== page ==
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The results of Florida’s 2012 Faculty and Administrator OER Survey have been analyzed, and the executive summary with key findings and full report are available at the Open Access Textbooks website: The study was a follow-up to the Florida Open Access Textbooks in Higher Education Survey, which was administered in fall term of 2009.

Over 2,600 respondents from eight of Florida’s 11 state universities and 22 of its 28 community colleges and state colleges voluntarily participated in the anonymous online survey.  Of the respondents to the current survey, 916 (38%) reported employment by universities and 1,483 (62%) by colleges; 2,178 (91%) reported having teaching responsibilities.

Key findings from this study indicated that faculty perceived themselves as being likely  to use and, to a much smaller degree, to author OER. However, few had actually authored any type of OER. A deficiency of incentives for authoring could be a barrier to authorship. Time, support, professional editing, and the availability of co-authors were identified as important considerations in deciding to author. In addition, very few of the respondents indicated that creating any types of OER were considered as criteria for promotion and tenure. Open textbook and open courseware use patterns suggest that providing OER in small units (e.g., modules, chapters) may best fit the needs of faculty.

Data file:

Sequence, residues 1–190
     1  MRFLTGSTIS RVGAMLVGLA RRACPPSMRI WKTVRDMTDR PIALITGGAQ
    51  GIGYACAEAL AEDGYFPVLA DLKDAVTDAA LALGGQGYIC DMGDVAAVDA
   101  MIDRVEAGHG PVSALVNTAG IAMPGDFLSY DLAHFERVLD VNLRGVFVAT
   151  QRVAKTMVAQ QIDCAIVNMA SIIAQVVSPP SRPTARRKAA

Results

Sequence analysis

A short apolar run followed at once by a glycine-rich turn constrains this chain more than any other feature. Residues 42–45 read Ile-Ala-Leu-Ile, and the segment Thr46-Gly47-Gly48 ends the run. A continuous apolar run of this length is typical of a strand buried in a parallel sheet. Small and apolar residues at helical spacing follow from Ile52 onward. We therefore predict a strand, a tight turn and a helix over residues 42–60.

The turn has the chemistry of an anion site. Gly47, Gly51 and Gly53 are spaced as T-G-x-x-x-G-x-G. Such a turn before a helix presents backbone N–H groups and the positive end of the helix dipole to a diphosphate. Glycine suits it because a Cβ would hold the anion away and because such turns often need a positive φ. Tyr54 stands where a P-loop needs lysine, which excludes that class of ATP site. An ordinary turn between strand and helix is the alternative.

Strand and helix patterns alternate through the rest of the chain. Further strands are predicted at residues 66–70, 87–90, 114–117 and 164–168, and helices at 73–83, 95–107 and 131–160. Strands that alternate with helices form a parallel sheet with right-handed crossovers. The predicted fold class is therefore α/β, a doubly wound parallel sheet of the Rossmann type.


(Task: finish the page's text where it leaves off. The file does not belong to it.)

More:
We look forward to your comments about the findings. 


Robin Donaldson & David Nelson

Robin Donaldson, Ph.D.
Florida Virtual Campus
Distance Learning & Student Services

David Nelson, Ph.D.
Florida Virtual Campus
Distance Learning & Student Services
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